Audio from WorshipGod 09

Here are links to the audio for the WorshipGod 09 conference I recently attended. Thanks to Vitamin Z for pulling these together.

From the WorshipGod 09 website:

The WorshipGod Conference is devoted to the theology, practice, and joy of God-honoring worship. Our 2009 conference was held August 5–8 at Covenant Life Church in Gaithersburg, Maryland.

General-session audio is available for listening or download below. Seminar audio will be available in the coming weeks.

General Sessions

For all downloads, right-click and select "Save Target/Link As."

The God of Worship (John Piper)
Listen | Download

The Heart of Worship (John Piper)
Listen | Download

The Leaders of Worship (Jeff Purswell)
Listen | Download

The Church of Worship (Thabiti Anyabwile)
Listen | Download

Lessons Learned from Three Decades of Leading (C.J. Mahaney and Bob Kauflin)
Listen | Download

The Life of Worship (Bob Kauflin)
Listen | Download

(HT: Vitamin Z)

Saturday, August 08, 2009

Reflection on Worship God 09

I am on the way back to Iowa from the Worship God 09 conference in Gaithersburg, Maryland and thought I’d take the opportunity to synthesize some of the thoughts that were triggered from the time I spent at the conference.

The biggest lesson (i.e. reminder) is this; the central motivating factor for ministry must be Christ and the cross. The cross is central in the scriptures, from the covenant with Adam in Genesis 3:15 to the worship of the Lamb around the throne in Revelation 5. If we devote ourselves to loving God and exalting Christ, first in our life and then in our ministry, God will be honored and fruitfulness will result. It is truly that simple.

Having attended scores of conferences throughout my life as a worship leader, I have suffered under the pressure of coming up with the next cool innovation, having the latest technology, adapting to the newest trend. The pressure is immense and when you get on the conveyor belt that tells you effectiveness comes through creative effort and polished performances, it can be unbearable. When the church growth movement of the 80’s exploded on the scene everyone bought into the idea that our effectiveness at growing churches and reaching lost people was in direct proportion to our level of innovation and creativity within service programming. I lived in that world for so many years and still feel the effects as we scurry in planning meetings to find the next great thing that will bring people to the church. It’s like running on a broken treadmill that won’t stop. You run as long as you can and then, when you can’t take it any more, you fall off and are left battered and bruised.... completely burned-out.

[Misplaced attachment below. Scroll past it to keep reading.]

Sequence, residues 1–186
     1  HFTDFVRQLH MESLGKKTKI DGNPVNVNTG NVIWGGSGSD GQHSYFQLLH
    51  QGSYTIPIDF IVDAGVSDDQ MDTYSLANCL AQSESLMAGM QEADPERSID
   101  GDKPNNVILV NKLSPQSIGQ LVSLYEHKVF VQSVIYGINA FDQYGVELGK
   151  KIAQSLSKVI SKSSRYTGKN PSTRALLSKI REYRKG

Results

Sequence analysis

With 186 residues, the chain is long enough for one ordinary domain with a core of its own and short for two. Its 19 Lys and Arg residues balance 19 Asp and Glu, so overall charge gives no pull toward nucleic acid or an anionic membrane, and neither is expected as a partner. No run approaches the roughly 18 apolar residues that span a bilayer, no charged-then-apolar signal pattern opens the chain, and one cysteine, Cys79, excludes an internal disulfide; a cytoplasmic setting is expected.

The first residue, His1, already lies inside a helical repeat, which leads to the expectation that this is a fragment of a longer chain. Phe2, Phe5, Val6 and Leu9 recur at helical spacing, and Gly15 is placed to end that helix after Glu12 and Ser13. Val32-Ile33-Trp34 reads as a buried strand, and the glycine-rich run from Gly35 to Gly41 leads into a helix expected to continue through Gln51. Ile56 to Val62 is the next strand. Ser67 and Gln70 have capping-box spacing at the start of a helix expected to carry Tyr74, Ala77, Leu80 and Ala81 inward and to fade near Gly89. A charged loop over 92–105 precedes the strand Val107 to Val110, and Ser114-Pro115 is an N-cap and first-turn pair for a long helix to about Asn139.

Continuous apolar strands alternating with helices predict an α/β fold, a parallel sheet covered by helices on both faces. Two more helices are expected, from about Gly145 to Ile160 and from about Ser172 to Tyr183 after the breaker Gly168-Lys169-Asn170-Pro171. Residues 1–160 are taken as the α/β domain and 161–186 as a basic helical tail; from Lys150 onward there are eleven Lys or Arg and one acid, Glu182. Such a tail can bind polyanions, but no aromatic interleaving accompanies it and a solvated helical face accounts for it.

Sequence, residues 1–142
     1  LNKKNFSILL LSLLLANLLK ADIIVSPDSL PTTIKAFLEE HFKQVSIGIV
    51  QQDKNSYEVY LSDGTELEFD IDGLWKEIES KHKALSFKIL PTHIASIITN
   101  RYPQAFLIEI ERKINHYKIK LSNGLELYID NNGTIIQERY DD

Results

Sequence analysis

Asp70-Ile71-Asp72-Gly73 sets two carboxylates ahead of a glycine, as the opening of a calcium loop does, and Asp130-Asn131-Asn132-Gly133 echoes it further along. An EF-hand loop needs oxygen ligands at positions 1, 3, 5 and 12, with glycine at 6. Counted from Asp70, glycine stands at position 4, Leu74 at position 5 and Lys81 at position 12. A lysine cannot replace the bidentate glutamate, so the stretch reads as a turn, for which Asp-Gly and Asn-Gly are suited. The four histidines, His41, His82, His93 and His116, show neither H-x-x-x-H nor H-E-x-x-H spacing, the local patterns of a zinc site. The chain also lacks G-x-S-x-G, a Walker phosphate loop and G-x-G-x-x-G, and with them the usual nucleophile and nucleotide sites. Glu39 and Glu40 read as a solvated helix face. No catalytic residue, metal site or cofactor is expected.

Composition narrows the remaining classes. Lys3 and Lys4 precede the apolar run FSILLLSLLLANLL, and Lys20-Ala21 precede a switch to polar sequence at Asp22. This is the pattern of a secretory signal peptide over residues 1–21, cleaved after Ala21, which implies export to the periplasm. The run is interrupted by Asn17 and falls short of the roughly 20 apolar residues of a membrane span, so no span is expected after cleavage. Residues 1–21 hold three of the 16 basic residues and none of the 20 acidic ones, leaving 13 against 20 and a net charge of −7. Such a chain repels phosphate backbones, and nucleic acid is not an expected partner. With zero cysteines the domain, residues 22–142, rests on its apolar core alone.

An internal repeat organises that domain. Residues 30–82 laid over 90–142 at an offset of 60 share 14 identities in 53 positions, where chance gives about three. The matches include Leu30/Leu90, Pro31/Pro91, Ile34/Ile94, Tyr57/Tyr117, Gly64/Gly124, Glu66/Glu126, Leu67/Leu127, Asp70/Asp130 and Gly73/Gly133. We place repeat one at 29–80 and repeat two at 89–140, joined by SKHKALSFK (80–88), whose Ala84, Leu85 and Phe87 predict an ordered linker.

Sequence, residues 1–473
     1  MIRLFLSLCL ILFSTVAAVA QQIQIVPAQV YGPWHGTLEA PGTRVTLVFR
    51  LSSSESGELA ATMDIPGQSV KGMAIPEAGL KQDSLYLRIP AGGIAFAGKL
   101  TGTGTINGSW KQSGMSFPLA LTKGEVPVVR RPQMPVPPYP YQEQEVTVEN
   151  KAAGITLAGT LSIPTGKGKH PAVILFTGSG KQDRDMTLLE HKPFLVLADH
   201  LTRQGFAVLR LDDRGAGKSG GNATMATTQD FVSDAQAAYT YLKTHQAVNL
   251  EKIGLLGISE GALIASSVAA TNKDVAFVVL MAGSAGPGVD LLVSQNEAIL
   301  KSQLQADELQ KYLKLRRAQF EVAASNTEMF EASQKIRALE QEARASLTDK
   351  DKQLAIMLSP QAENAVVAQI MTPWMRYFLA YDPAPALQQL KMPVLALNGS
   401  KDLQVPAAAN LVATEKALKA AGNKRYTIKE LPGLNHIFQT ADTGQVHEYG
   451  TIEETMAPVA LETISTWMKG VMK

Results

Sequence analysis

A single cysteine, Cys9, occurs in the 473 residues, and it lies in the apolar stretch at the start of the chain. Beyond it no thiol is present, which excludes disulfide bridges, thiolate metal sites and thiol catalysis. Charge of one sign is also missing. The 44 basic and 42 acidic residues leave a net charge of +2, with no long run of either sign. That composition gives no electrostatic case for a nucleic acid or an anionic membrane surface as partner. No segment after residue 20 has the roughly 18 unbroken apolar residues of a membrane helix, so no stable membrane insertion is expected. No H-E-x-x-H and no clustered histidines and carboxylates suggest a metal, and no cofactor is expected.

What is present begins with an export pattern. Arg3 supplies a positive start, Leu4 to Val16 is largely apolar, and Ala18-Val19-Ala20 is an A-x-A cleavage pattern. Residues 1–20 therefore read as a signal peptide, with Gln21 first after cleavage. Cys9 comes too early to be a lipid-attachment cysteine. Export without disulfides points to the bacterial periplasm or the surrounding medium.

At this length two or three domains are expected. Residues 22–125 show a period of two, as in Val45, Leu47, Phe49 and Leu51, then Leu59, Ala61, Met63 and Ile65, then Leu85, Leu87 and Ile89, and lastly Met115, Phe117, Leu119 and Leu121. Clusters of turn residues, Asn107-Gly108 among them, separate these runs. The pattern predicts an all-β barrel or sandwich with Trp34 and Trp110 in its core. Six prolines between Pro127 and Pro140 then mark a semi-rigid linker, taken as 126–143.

Does this mean we don’t work diligently in preparation for worship services? No. Does this mean we don’t employ creativity? No. Does this mean we no longer concern ourselves with reaching people for Christ? Absolutely not.

What does it mean?

It means we consume our lives with loving and abiding in Christ and helping others to do the same. Don’t believe me? Read the words of Jesus from John 15:5, “I am the vine; you are the branches. Whoever abides in me and I in Him, he it is that bears much fruit, for apart from me you can do nothing.” Want to be fruitful? Be compelled by your love for Jesus Christ and by abiding in Him.

This leads me to a few challenges...

First, we must be dedicated to growing in our knowledge and affection for God through intentional study. The argument that growing in faith shouldn’t require diligent study just doesn’t make sense. How does a husband best love and honor his wife? He does it by studying her. By learning how to serve her, what delights her, how she communicates, what her unique gifts and abilities are. If a husband is dedicated to the discipline of studying his wife, he will grow to love and appreciate her more. This is why we must study the Word of God, listen to Biblical messages in Church, read quality books, listen to Christ exalting podcasts and music. The more we know God, the more we are amazed and changed by His character and purposes.